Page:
Traveling to another country can be overwhelming if you aren’t prepared. When I travel to Mexico, I usually visit more than one city. Since I might be road tripping and traveling by plane, bus, or boat, apps that show transportation schedules and routes are particularly helpful. Sure, you can go on another site or forum to see what bus someone took last week or last month but do you really want to count on that information being correct?
In the past, I’ve also had occasional issues with random apps affecting my phone’s performance. So I try to keep the apps I add to a minimum. There’s nothing worse than being away from your home country, with your whole life on your mobile phone and experiencing problems with it.
Below are the 5 basic essential apps that I’ve found that worked best for me when traveling in Mexico.
Rome to Rio
Rome to Rio’s tag line is “discover how to get anywhere by plane, train, bus, ferry and automobile”. Indeed that’s what it does. Unfortunately, I didn’t need the ferry info on this trip but there’s always next time. This app provided me with details about bus schedules that I felt was essential. Basically you input your info, from and to, and it tells you what options you have. For example here’s the options for Guadalajara to Tequila.
Once you decide what mode of transit you are interested in, you simply click on that mode and it will give you further options. Frequency, duration, estimated price, telephone numbers of the transit company and a website for booking if you want. Another useful feature is that it gives you the exact bus station info, since many bigger cities in Mexico have several. Guadalajara has at least two that I know of.
TIP: make sure you have changed money and always have change (monedas) or at least some small bills.
Some bus stations charge you just to get inside to buy your ticket. The Guadalajara Antigua Central charged 5 pesos or about twenty five cents. I didn’t have any small change and thankfully some nice person paid for me. After that I made a point to always have change with me since it would be a huge hassle to take your bags out of the station, find a bank or change house and potentially miss your bus all for twenty-five cents. Now you know what you can use all those cute leather pouches you bought for.
Me and Uber have become very good friends, especially in Mexico. I used it seventeen times total on one trip and I may or may not be a little obsessed about my Uber rating. Joking aside, Uber is essential. Why? Mainly because it saves me a lot of money! Who doesn’t want that? I mean that’s one, er several, more Pacificos I can buy!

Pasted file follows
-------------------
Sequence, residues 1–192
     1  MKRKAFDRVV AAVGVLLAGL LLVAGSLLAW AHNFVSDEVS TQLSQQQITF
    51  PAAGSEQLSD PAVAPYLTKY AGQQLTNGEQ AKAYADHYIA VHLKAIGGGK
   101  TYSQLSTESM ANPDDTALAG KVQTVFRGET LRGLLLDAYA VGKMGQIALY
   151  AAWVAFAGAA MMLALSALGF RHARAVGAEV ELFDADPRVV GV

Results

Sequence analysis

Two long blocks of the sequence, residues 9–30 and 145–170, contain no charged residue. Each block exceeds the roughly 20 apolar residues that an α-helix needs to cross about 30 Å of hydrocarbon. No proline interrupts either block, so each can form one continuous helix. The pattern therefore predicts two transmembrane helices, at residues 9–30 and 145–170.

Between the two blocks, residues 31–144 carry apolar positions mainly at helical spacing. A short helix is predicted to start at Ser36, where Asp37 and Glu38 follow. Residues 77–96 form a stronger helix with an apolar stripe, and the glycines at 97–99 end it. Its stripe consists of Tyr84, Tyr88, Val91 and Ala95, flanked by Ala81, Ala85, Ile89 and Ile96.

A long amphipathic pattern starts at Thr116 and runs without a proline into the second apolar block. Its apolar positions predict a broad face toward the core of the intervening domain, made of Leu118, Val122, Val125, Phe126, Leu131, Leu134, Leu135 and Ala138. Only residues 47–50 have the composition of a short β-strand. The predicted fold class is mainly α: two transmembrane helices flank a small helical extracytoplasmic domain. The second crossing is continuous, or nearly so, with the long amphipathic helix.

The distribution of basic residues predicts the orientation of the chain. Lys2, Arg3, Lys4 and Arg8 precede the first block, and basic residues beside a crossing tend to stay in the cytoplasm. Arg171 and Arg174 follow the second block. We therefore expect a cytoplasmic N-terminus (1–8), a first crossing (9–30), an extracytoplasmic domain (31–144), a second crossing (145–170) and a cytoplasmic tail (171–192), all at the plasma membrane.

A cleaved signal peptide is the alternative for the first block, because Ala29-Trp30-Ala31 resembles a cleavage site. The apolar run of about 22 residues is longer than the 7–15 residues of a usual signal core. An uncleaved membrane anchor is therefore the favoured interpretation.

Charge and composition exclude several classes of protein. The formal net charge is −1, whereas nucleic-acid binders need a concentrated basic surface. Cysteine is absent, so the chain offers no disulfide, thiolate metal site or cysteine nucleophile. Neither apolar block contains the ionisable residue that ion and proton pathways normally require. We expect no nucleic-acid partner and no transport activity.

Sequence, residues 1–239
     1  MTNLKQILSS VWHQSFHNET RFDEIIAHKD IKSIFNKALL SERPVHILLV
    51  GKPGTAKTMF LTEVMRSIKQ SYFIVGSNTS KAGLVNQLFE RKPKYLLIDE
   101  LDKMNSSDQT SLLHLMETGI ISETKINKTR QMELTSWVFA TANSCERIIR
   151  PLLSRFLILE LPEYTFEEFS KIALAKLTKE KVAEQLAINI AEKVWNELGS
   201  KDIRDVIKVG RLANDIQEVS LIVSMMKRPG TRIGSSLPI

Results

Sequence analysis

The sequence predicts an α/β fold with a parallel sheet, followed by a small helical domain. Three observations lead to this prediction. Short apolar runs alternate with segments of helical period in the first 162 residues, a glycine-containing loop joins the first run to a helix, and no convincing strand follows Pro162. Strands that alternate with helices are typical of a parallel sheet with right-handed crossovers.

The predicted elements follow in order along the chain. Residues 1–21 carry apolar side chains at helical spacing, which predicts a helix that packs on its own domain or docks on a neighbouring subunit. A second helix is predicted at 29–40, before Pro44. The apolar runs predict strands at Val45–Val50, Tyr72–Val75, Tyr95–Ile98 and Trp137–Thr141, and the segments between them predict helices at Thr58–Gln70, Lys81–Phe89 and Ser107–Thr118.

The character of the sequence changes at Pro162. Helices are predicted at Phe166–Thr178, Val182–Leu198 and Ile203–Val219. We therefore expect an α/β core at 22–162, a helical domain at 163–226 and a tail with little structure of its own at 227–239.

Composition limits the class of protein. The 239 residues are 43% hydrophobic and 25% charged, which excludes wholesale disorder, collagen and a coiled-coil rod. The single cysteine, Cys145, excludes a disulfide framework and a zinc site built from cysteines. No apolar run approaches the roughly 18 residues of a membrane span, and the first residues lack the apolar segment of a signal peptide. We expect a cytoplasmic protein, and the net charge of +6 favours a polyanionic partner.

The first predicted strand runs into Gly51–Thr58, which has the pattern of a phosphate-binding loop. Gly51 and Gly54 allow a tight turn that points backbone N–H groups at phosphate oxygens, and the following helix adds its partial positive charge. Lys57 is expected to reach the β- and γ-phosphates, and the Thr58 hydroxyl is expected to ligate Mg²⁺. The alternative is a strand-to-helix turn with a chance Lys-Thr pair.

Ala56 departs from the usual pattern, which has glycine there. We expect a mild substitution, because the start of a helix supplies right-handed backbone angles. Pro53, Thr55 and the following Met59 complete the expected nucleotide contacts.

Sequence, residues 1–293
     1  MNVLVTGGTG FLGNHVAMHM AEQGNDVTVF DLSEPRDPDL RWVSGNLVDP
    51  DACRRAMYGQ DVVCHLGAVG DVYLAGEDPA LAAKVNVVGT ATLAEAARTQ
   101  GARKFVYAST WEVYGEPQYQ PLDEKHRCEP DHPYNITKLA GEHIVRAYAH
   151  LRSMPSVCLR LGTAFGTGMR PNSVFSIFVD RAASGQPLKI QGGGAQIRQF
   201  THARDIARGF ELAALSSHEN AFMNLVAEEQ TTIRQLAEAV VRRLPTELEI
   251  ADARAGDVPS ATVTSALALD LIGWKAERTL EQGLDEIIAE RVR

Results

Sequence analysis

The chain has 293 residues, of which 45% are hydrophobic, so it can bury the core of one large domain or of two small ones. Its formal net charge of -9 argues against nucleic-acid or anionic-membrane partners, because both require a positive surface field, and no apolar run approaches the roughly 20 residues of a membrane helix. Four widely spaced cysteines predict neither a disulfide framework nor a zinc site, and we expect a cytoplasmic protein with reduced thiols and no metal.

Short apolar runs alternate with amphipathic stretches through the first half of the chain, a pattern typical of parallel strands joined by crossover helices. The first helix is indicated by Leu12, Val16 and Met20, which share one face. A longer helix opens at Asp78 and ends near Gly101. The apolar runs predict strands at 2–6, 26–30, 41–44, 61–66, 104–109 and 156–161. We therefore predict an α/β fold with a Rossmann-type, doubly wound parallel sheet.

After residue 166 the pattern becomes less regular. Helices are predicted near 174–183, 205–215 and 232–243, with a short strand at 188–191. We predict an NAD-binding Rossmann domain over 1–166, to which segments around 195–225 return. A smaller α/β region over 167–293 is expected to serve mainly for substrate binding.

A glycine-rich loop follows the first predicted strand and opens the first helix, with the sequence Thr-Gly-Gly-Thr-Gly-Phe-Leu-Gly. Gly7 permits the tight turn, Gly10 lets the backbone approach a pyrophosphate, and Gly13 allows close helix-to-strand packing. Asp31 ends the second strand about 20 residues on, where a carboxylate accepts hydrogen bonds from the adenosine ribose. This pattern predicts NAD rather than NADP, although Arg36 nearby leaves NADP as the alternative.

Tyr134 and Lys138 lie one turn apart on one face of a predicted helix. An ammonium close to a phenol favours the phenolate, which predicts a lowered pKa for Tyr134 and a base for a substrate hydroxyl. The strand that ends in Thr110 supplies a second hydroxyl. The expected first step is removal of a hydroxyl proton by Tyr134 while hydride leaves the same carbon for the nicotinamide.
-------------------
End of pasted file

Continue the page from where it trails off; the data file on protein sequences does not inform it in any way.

First, Uber is just so convenient. You know exactly who’s coming, where they are and what they are driving. Speaking of which, the cars in Mexico are in excellent shape. Much better that the their taxi counterparts. In most Mexican cities the vehicles have to be a 2015 or newer and have four doors. I say most cities because I was told there were different rules for border towns. However I didn’t ride in anything older than a couple of years old.
One thing to remember though is, Uber is fairly new in some cities. Since Mexico is a country that uses a lot of taxis for transportation, it’s only logical that the taxi drivers might be a little upset. So the government has set some regulations. First they are not allowed any signage in certain cities. I know that might be a little off putting but keep in mind you know what they are driving and what they look like. Always double check the license plate number. Any doubt or discrepancy, don’t get in.
In Puerto Vallarta, for example, they are not allowed to come onto any federal property. That means no airport, no bus station. But here’s where is gets a little tricky. They can drop you off at the airport. They just can’t pick you up. This is not the rule in every city. I was able to get a ride at the Guadalajara, Mexico City, La Paz, and Tijuana airports. Rule of thumb is, if in doubt, just ask. Uber is very popular and someone will know the rules. Or just put your trip in and when connected with a driver, give him or her a call.